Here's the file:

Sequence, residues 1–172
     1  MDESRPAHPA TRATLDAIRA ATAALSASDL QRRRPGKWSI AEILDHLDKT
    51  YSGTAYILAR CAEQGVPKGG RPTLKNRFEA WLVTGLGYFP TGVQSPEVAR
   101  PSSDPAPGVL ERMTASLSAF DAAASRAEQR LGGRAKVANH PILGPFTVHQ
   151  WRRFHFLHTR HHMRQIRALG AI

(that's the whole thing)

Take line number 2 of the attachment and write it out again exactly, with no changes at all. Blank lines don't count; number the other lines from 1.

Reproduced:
     1  MDESRPAHPA TRATLDAIRA ATAALSASDL QRRRPGKWSI AEILDHLDKT